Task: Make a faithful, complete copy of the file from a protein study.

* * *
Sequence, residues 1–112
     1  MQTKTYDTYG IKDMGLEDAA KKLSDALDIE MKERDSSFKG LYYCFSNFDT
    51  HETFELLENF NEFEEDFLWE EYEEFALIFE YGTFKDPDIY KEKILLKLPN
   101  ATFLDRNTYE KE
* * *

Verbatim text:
Sequence, residues 1–112
     1  MQTKTYDTYG IKDMGLEDAA KKLSDALDIE MKERDSSFKG LYYCFSNFDT
    51  HETFELLENF NEFEEDFLWE EYEEFALIFE YGTFKDPDIY KEKILLKLPN
   101  ATFLDRNTYE KE